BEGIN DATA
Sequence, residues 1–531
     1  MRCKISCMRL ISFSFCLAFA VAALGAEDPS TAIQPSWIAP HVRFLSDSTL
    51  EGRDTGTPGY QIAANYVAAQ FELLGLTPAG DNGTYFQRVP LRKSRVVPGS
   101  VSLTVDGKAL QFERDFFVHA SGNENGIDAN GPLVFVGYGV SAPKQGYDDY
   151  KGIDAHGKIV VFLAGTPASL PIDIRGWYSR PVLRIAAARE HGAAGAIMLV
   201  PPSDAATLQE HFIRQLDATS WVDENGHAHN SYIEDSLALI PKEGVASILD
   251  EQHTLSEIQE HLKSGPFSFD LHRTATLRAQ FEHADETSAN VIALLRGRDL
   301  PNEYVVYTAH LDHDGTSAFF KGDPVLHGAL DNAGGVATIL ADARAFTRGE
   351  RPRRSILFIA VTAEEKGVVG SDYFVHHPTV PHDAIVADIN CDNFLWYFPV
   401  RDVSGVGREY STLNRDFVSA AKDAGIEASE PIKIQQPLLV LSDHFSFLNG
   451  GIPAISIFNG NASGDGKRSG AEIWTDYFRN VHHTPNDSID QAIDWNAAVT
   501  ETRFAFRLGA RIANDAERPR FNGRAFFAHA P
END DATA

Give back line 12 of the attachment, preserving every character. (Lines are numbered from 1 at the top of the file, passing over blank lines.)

   501  ETRFAFRLGA RIANDAERPR FNGRAFFAHA P